PDF accessibility survey says 67% of PDFs will get you sued

Frustrated man wearing glasses and headphones holding his head over accessibility issues on his laptop

A day in the life of PDF accessibility

PDFs are everywhere. But if you are using assistive technology to read digital information because you are blind, have low vision, or have other reading disabilities, PDFs can pose a challenge. During an average day, a person might interact with documents like bank and utility statements, healthcare information, owner’s manuals, educational materials, forms, and work documents of many kinds. Many are not digitally coded to work with assistive technology such as screen readers or connected Braille displays. That means the information they convey is unavailable, or not fully available, for many users. One assistive technology user said, “I miss out on information I would like to read, but cannot.”


Companies are unaware of PDF accessibility issues

While many companies have begun addressing digital accessibility, PDF accessibility doesn’t always get prioritized. It is possible companies aren’t aware of how many people in their audience aren’t able to access the PDFs they create or how assistive technology interacts with PDF files. 

People who may be blind, have low vision, and use assistive technology to read PDFs don’t always complain. Despite the rising number of digital accessibility lawsuits across the country, filing a lawsuit isn’t the most common response to inaccessible PDFs.  Often they just move on to the next company in hopes of a better experience. 


A survey of assistive technology users

Equidox wanted answers directly from people affected by inaccessible PDFs about the barriers they face and how those barriers are affecting them every day. With the help of the National Federation of the Blind, Equidox conducted a survey of over 250 blind and low-vision assistive technology users across the United States.  The survey was conducted online, so all participants are computer literate.  

The survey questions were designed to understand how inaccessible PDFs affect real people going about the business of their daily lives at home, work, and school. Every responder said that they are an assistive technology user.  The survey was distributed on mailing lists for the NFB, among blindness groups and disability organizations around the country, and on social media.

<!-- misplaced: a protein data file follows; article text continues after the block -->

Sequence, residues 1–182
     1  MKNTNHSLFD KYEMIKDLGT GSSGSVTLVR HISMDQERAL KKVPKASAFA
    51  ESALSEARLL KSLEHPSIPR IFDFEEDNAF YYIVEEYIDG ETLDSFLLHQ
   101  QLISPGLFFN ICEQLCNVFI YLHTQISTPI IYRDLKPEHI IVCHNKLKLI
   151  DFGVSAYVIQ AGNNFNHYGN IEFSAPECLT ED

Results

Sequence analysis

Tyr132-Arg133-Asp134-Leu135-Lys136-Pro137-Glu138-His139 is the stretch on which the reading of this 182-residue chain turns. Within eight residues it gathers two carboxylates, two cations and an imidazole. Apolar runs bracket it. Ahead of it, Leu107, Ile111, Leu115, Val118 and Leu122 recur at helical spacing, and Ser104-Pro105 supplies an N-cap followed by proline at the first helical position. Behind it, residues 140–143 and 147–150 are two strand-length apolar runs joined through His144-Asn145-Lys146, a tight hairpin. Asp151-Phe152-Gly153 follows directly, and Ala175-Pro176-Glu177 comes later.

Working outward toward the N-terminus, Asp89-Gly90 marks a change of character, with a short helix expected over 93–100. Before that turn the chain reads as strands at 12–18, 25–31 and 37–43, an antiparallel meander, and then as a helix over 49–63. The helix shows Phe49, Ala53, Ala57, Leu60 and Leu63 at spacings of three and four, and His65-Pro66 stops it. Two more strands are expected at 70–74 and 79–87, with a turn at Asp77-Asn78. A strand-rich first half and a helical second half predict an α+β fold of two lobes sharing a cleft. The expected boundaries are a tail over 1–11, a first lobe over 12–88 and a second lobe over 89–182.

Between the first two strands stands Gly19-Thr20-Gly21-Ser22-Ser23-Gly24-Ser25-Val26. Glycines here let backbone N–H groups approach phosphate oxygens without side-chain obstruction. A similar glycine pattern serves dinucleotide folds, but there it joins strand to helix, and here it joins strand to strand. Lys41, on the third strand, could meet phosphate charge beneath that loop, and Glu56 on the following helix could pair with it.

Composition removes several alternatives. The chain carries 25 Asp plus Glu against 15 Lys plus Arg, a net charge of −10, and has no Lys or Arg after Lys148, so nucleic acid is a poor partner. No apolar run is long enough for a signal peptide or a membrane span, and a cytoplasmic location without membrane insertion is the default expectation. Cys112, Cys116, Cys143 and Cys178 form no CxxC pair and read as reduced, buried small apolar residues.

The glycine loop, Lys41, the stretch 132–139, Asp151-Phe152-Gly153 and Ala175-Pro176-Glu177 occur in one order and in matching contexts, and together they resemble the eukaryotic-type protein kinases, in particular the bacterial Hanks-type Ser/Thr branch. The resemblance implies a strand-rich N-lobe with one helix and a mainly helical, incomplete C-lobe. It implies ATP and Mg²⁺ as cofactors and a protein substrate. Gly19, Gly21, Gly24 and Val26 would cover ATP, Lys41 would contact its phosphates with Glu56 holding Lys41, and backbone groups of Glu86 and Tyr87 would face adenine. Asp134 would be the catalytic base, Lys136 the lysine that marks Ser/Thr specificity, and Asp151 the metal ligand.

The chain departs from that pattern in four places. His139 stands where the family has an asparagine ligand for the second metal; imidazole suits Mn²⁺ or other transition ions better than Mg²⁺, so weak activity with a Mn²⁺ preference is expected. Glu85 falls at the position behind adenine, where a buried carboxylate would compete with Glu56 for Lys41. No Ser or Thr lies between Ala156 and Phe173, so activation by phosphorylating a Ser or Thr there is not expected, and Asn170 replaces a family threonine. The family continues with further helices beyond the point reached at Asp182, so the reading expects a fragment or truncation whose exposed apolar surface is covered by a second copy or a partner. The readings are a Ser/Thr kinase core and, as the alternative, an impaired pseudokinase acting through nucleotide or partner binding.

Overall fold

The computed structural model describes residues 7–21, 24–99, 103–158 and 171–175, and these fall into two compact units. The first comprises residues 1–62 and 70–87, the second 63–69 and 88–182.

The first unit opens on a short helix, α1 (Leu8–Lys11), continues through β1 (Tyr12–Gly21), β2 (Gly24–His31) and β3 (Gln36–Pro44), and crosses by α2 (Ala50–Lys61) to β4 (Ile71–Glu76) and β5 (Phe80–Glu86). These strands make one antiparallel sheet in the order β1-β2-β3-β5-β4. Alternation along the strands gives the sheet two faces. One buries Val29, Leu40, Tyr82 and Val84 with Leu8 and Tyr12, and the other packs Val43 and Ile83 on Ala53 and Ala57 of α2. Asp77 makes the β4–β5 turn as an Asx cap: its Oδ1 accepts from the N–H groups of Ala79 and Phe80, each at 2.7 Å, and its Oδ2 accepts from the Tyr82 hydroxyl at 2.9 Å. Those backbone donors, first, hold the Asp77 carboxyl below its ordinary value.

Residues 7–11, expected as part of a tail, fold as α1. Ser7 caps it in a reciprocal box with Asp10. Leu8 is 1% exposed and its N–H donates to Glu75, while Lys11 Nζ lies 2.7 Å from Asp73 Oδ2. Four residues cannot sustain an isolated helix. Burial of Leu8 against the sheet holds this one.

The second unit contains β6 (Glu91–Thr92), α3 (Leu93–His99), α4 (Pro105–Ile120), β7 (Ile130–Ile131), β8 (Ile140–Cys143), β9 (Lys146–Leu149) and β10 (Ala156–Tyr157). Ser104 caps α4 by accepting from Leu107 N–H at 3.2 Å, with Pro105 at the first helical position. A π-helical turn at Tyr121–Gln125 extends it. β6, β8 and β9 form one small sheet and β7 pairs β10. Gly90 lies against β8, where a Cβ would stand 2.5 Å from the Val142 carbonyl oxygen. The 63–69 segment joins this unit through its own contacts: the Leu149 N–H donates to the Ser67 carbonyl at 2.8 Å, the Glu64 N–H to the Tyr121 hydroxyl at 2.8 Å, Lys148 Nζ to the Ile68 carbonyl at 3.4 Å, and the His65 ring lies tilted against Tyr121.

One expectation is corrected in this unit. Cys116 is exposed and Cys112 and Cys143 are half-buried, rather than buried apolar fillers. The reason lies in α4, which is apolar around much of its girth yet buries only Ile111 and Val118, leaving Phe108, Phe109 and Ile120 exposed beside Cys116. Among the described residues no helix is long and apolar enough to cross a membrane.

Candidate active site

PDF inaccessibility is more prevalent than you might think

If you haven’t tagged your PDF documents for accessibility, a process known as PDF remediation, your documents probably aren’t accessible to assistive technology users. Your customers and website visitors are accessing your PDFs, but probably aren’t able to get the information they need, and it’s impacting their lives and YOUR business. 

  • Survey respondents said they encounter PDFs between 5 and 20 times every day, and between 15 and 100 times every week. 
  • Survey participants said that 67% of PDFs they encountered were either partially or entirely unreadable. 

It’s not just customers who are impacted by your inaccessible PDFs. Your employees may also use assistive technology. For educational institutions, your students may also be affected by inaccessible documents. 

  • 72% of respondents said inaccessible PDFs impact their ability to do their job or complete coursework. 
  • 60% of the respondents said that inaccessible PDFs affect their ability to go about their daily lives.
  • 14% of the respondents said that inaccessible PDFs prevented them from completing work or life tasks more than 20 times a month